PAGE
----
Just started: a discussion among virologists and evolutionary biology experts on the new Omicron variant, looking at data in the early days.
Live tweeting some of the salient points:

There is not yet clear data on disease severity although there are concerns that the large number of mutations could possibly confer transmission advantage or immune evasion.
If we see novel variants e.g. Omicron replacing previous variants, it can suggest transmission advantage. But if this has only happened in one area, it could be due to a chance event. We need to see if the same thing happens in other countries where the variant has been detected.
We have only seen a few hundred cases of Omicron (and we don't know if they're mostly young travelers for example, rather than older folks), so it's not yet possible to know if Omicron causes milder disease. It takes a few weeks for severe outcomes to develop.
Once more labs around the world isolate the Omicron SARS-CoV-2 variant, they will be able to test if antibodies against previous variants are still effective against Omicron.
The current data on hospitalizations cannot substantiate confident conclusions about severity of the disease in vaccinated or unvaccinated individuals.
So far there are no signs that vaccination would not confer partial protection against severe disease and death by Omicron.
The worry is that if Omicron is very transmissible, it could lead to widespread infection; even with mostly mild cases, the relatively low % of cases with severe outcomes would still overwhelm the medical infrastructure (hospitals and healthcare workers).
We have to expect new variants in the future. We have to cope with that and not overreact (e.g., the stock market). Vaccine companies can rapidly update their vaccines based on surveillance of circulating variants.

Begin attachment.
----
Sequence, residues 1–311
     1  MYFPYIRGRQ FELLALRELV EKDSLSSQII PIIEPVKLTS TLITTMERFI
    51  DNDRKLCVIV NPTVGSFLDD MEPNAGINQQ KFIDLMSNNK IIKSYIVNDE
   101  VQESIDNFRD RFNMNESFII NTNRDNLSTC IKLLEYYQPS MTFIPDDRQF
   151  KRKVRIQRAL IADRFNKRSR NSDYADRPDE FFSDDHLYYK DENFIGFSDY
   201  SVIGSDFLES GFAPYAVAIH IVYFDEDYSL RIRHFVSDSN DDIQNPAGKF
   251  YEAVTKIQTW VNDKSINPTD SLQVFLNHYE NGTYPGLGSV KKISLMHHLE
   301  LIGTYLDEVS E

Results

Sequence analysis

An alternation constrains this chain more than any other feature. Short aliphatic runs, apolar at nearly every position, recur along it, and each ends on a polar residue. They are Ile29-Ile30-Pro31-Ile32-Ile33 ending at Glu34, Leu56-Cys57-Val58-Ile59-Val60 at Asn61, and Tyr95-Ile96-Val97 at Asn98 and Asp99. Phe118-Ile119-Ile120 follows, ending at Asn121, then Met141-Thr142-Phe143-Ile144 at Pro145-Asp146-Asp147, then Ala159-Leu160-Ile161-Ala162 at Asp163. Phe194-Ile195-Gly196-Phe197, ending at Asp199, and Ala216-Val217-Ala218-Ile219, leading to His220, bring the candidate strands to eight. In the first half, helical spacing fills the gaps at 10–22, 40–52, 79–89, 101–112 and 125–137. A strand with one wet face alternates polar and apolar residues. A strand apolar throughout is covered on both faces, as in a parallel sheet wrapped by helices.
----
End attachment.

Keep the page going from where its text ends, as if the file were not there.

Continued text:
Vaccines and public health measures still work against new variants. My addition: #COVIDisAirborne

We need to demonstrate international solidarity to incentivize transparency and problem-solving.
Travel bans only work in limited scenarios, e.g., island countries like Australia and NZ, and only for short periods of time, but if travel bans are applied recklessly, we will end up deterring countries from reporting emerging variants. This would be a worst case scenario.
The virus depends on our behavior to transmit. Even if not Omicron, your personal decisions can help to reduce transmission of Delta and other variants in your community, and prevent overwhelming your local hospitals and healthcare workers.
I only just figured out how to request to speak on Twitter space but I wanted to ask how rich countries can and should help developing countries with monitoring emerging variants #InternationalSolidarity
If you look at the amount of sequencing+data sharing relative to case numbers per country, it's very clear that we are not sequencing enough in some regions of the world (light green).

Visualized with covidcg.org @CovidCg Image

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More from @Ayjchan

1 Dec
One takeaway from this pandemic is that we must act urgently to make pathogen research funded by the US more transparent. Recently FOIA’ed emails and documents show that by 2018 the US was funding chimeric human pathogen MERS research in Wuhan.

I am starting to feel like a broken record on this, but somehow many experts in infectious diseases and biosafety still believe that all we need to do to prevent future pandemics is to keep working on the wildlife trade, which is important but so are lab-based outbreaks.
Researchers bringing thousands of high risk wildlife trade animal and human samples across 8 countries into one city can itself be considered a thriving conduit of pathogens into the human population.
Read 7 tweets
1 Dec
I think it is very important to watch the @FaceTheNation interview of Dr Fauci, especially starting from the 37 min mark.